“Lordy, would you take a look at those monsters,” drawled Gary in a thick Australian accent. He stood in front of Egypt’s Pyramids of Giza in awe. “There is no way on earth those were built by human hands.” He then squinted into the sun, lifted a weathered hand to his brow and searched the midday skies. Gary made observations like this often in the two weeks we travelled together. At night he drank too much Bundaberg rum – either neat or with Pepsi – and tried to account for his existence. During the day his eyes combed the landscape, the temples and the tombs for evidence to support his theory: Gary believed, with every inch of his being, that the earth had been colonised by aliens. A visit to Egypt had been his dream ever since he was 15; now at 62, he said, this trip was his pilgrimage.
When you’re on assignment for a publication, you can’t always choose your travel companions. More often than not, you find yourself living a week or two alone, or in very close quarters with a motley bunch of people you’d likely never have crossed paths with were you on the road with a mate. But that’s the beauty of travelling solo – and I’m convinced your experience is that much richer for it. And if not, then at least you have an entertaining hook for your story.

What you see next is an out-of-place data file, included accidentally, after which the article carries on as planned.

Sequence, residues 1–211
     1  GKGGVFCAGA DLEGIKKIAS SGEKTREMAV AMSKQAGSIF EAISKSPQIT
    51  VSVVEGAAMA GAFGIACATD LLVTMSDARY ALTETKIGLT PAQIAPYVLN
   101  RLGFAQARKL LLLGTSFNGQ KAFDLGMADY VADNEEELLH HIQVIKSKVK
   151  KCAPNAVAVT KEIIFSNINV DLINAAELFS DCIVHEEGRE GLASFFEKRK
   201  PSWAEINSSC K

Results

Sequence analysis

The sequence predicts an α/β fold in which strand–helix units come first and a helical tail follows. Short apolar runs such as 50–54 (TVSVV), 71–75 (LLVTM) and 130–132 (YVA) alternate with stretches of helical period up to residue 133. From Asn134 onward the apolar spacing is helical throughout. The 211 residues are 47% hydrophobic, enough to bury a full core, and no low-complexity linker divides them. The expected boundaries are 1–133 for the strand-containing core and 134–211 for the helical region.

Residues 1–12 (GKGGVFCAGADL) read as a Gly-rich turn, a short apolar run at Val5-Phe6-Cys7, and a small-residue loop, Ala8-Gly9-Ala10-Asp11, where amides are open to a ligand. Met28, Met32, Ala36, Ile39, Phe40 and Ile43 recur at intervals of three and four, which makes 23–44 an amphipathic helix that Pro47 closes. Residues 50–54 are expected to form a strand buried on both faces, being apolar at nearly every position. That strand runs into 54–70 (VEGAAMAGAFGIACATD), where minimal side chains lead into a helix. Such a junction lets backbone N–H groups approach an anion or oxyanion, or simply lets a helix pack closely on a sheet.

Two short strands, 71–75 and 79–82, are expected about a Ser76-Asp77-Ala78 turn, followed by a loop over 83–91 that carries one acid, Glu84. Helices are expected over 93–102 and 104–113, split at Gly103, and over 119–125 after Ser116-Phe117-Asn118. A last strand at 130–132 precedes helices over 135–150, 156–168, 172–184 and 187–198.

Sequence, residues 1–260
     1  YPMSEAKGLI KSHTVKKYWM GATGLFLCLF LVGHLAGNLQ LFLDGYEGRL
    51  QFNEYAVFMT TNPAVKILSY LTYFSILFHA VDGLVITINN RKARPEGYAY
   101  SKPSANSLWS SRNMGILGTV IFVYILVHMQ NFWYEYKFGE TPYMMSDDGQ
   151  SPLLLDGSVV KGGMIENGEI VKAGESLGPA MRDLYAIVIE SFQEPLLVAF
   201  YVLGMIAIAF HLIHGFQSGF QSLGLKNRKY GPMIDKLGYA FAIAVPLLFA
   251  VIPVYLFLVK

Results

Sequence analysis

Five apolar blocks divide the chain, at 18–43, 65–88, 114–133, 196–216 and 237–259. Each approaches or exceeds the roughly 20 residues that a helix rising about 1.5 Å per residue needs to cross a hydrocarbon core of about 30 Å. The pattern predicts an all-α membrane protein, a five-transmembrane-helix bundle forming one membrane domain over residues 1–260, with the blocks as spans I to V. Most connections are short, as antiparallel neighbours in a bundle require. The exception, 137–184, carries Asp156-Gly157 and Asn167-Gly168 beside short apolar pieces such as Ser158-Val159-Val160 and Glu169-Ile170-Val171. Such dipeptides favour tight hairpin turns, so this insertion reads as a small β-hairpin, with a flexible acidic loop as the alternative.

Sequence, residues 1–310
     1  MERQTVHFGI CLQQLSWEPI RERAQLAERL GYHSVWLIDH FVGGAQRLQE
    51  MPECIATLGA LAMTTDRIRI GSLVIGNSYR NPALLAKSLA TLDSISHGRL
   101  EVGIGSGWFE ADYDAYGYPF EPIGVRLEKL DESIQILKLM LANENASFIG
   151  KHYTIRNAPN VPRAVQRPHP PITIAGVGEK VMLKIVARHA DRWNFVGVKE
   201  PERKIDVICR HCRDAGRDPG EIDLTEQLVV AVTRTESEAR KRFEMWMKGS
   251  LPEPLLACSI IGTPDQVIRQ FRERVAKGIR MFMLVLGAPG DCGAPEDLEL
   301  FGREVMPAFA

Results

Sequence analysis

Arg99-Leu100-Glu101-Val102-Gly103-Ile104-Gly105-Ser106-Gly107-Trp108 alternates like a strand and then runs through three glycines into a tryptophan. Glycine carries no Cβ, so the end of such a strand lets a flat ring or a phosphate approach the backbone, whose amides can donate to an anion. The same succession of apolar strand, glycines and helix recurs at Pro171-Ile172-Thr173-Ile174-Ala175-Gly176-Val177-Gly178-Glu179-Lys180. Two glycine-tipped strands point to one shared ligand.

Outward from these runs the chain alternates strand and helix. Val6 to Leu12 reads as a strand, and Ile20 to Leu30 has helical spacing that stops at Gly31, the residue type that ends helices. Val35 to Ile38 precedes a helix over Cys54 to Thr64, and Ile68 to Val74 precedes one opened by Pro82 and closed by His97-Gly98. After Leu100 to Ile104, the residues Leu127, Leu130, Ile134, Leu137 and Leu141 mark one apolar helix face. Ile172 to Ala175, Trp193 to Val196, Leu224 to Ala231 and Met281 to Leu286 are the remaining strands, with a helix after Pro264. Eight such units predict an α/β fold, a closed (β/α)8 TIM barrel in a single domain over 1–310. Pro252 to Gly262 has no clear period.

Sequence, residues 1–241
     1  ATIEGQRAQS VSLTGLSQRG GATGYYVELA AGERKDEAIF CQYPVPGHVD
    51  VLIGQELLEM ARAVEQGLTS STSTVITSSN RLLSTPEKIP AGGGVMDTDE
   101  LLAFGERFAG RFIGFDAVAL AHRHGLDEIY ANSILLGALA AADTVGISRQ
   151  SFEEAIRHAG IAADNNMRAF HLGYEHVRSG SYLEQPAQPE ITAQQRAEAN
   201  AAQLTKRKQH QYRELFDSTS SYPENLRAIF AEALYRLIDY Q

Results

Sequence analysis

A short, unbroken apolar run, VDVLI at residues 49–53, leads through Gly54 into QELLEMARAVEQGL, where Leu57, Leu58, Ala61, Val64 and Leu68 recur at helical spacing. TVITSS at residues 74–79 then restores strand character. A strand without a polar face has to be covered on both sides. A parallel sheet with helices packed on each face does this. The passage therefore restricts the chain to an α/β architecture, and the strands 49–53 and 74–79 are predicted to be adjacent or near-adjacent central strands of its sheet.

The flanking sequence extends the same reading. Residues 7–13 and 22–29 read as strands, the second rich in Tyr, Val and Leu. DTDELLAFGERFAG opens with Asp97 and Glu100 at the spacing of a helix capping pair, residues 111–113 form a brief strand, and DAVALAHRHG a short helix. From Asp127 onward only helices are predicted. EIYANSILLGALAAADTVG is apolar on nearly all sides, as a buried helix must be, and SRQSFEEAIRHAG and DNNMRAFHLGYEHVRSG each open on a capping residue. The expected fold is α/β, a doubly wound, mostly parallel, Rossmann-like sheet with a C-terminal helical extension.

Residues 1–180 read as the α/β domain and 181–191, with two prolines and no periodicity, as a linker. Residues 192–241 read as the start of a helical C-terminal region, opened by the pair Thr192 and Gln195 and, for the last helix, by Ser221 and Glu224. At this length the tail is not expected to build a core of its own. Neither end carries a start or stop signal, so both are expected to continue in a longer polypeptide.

For me, Gary – a sometimes annoying man who was on the journey of a lifetime – was that person. He drove me insane; he told me stories; he made me laugh. He probably forgot about me the moment he climbed onto that plane headed for Brisbane. But he worked his way into my memories of Egypt, and into the stories I’ve written. I’ve not forgotten him. And every time I look at the stars, or see a photograph of Egypt, or hear anyone at a bar order a rum, I wonder if Gary ever found what he was looking for.
Read more about Gary, and about Egypt, in the full feature on the Getaway website, here.